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alansmurphy [1944 posts] 2 weeks ago
1 like

Been there, done that - for me the groupset will be your friend.

 

I have a 7 speed (i think) Claris on what has now become my winter hack. Liked it fine when I got it. Got a bargain Cannondale best bike - carbon, 10 speed 105 groupset, lovely.

 

When my next C2W came along I decided on a wet bike to sit between the 2 and got a GT Grade AL (10 speed 105 also) with discs for around £850. It is much closer to the best bike than the winter hack, and now I hate the winter bike. 

 

With a compact groupset and running 11-32 the jumps between the gears are just awful, you never actually feel comfortable.

 

Get your leg over a few and go with the one that makes you happy. If in doubt there's always the chance to trade in for a better model in the future (wife or bike)...

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CygnusX1 [1073 posts] 2 weeks ago
1 like

Did you tell her the full RRP?  If so that's your first mistake. 

Tell her the cost to you (RRP minus the savings on income tax - on their site especially if you're a higher rate taxpayer - the C2W scheme should have a calculator on their site to figure this out).

alansmurphy wrote:

Get your leg over a few and go with the one that makes you happy.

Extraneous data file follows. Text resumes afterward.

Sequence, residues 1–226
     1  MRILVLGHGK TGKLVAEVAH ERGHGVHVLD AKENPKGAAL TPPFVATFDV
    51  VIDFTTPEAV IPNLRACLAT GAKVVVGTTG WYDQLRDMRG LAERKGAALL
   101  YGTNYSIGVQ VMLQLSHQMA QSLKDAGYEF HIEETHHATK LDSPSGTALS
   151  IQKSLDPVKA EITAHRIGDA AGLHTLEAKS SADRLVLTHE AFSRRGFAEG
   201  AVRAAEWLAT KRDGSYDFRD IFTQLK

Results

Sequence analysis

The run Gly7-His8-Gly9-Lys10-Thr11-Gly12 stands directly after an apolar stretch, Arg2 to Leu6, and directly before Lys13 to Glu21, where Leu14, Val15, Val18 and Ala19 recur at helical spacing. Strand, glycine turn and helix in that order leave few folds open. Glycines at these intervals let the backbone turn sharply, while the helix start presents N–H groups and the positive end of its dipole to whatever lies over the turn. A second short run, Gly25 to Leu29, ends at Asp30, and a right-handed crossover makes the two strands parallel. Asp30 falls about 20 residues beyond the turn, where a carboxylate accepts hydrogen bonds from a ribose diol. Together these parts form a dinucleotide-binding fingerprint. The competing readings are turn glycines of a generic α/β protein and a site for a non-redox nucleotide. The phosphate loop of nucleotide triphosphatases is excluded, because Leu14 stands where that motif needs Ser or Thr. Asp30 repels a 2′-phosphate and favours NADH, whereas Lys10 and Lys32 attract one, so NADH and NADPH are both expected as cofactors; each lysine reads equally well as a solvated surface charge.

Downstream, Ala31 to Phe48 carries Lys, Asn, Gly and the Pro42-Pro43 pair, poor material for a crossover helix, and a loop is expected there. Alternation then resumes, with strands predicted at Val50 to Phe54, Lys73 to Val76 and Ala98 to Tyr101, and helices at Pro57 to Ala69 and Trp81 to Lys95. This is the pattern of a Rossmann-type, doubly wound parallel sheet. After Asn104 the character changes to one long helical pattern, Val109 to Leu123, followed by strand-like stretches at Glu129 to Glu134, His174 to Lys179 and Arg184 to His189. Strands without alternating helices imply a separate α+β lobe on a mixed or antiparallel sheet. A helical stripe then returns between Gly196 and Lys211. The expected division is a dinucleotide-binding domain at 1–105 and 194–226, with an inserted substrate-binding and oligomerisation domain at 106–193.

Sound advice - also applies to bikes! smiley

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Tedez [4 posts] 2 weeks ago
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CygnusX1 wrote:

Did you tell her the full RRP?  If so that's your first mistake. 

Tell her the cost to you (RRP minus the savings on income tax - on their site especially if you're a higher rate taxpayer - the C2W scheme should have a calculator on their site to figure this out).

alansmurphy wrote:

Get your leg over a few and go with the one that makes you happy.

Sound advice - also applies to bikes! smiley

Of course I've done that! I started with savings, but she knows me to well and asked for the RRP. Even the price after the discount didn't work. ATM looks like I can spend what I want anyway (xmass, birthday combined together etc - I can't believe I have to do that in my age! But hey). :-P

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alansmurphy [1944 posts] 2 weeks ago
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Are you using it to C2W - if so it's an investment! Mine gave up asking eventually  1

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Tedez [4 posts] 2 weeks ago
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alansmurphy wrote:

Are you using it to C2W - if so it's an investment! Mine gave up asking eventually  1

I'm using C2W to get a new/second/better bike  3
I already get to work in eco way - electric car.
So this argument doesn't give any points unfortunately.
I'm waiting for Friday, when hopefully some bigger discounts will be applied... Fingers crossed.

Funny enough, for C2W the sale price does not apply. When you ask them for quote, they come up with a different price so I might get the bike for cash if the prices drop even more on Friday.

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Ratfink [212 posts] 2 weeks ago
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Depends who you shop with wiggle/chain reaction will give you the sale prices on c2w,I got a MTB on the c2w reduced from £1600 to £960 a month or so back. For those days i take the offroad commute of course.